The UK has announced that it wants to be the world centre for the development of driverless cars. It said it would conduct a review next year to ensure that the legislative and regulatory framework is in place for such vehicles to be incorporated on Britain’s roads. It will also create a £10m prize to fund a town or city to become a testing ground for autonomous vehicles. http://www.bbc.co.uk/news/technology-25230483
Milton Keynes is already experimenting with driverless pods.
By mid-2017 it is planned that 100 fully autonomous vehicles will run on the town’s pathways along with pedestrians, using sensors to avoid collisions.
The plans for self-drive cars were announced in the chancellor’s National Infrastructure Plan.
Much of the hype around driverless cars centres around Google. Its self-drive car recently completed 500,000 miles (804,000km) of road tests.
In the US, California, Nevada and Florida have passed legislation to allow driverless cars.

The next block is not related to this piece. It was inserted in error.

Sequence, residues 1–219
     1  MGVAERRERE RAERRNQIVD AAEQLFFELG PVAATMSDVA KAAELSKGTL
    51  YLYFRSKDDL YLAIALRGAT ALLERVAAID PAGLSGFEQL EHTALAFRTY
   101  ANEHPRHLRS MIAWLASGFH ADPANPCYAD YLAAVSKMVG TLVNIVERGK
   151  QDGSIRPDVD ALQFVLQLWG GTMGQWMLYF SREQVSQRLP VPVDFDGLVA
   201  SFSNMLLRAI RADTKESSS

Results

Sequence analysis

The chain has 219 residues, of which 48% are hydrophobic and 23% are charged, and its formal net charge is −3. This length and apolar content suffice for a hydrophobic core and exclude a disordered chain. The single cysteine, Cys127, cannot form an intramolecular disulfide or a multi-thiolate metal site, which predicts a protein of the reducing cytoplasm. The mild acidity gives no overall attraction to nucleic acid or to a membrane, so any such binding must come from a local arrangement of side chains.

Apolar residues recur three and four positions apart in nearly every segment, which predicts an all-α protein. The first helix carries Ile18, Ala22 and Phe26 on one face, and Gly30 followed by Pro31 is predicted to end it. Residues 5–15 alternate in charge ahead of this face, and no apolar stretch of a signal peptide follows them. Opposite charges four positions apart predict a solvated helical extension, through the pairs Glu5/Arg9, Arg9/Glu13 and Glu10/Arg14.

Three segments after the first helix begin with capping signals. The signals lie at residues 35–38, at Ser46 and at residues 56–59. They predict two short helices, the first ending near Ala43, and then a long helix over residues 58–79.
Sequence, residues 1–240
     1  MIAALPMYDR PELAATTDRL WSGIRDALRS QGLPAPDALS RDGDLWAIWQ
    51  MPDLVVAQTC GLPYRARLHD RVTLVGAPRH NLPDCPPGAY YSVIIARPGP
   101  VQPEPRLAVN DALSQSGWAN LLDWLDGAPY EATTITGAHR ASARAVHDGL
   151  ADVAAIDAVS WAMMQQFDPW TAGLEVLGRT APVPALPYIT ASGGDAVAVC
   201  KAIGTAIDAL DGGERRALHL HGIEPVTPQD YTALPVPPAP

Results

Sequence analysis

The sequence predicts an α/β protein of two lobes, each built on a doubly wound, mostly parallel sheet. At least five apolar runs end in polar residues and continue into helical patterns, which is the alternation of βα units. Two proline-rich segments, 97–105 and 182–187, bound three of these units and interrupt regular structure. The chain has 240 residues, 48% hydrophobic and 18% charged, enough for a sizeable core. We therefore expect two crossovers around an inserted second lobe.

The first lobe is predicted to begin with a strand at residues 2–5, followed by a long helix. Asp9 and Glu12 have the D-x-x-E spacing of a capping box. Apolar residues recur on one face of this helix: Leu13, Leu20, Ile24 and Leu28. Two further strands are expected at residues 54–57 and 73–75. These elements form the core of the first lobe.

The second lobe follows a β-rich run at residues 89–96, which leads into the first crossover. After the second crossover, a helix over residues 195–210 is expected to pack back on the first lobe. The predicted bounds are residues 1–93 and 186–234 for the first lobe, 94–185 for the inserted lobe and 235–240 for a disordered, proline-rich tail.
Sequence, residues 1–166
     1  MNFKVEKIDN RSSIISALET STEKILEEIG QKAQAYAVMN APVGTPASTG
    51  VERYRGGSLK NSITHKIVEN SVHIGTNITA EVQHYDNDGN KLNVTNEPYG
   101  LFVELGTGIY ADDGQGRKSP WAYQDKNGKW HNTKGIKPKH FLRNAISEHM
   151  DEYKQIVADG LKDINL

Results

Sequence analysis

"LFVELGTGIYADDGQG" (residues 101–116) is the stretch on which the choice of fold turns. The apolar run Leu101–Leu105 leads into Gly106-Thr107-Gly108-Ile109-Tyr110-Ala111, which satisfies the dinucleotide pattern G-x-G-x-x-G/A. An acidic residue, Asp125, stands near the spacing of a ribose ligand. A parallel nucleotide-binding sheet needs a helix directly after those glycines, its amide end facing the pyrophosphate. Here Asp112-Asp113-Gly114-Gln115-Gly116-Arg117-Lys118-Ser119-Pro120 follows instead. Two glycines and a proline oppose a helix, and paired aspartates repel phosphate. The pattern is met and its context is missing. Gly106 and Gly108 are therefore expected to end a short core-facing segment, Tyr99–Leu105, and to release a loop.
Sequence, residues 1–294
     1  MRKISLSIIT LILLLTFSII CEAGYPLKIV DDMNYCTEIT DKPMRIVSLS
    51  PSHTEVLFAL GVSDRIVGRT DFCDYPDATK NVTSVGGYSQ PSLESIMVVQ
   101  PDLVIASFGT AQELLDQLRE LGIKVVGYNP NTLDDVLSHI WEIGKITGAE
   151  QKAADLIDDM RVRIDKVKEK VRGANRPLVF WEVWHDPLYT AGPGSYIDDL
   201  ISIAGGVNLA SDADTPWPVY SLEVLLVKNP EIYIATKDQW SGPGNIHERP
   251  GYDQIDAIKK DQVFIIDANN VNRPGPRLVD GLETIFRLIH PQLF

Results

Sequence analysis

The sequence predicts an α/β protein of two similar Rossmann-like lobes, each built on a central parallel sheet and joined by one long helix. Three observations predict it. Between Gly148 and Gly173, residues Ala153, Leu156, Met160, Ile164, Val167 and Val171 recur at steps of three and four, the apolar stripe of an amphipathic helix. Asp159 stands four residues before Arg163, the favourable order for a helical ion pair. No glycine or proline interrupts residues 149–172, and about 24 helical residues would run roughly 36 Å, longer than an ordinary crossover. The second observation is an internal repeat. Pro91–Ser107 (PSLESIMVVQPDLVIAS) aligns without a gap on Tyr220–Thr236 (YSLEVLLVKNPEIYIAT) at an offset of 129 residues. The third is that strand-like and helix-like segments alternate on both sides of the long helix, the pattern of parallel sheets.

This month Nissan carried out the first public road test of an autonomous vehicle on a Japanese highway.
Car manufacturers suggest that autonomous vehicles will be on the roads within the decade.
Google has given 2017 as the date its cars will hit the roads. Not to be outdone, Elon Musk, head of electric car company Tesla Motors, has said he will have such vehicles ready in 2016.
Other car manufacturers, including Daimler and Nissan have given a 2020 date for their own versions.
Much of the underlying technology for autonomous driving is already installed in cars such as the Mercedes S500 which uses onboard radar and 3D stereoscopic cameras to gauge the distance from other cars.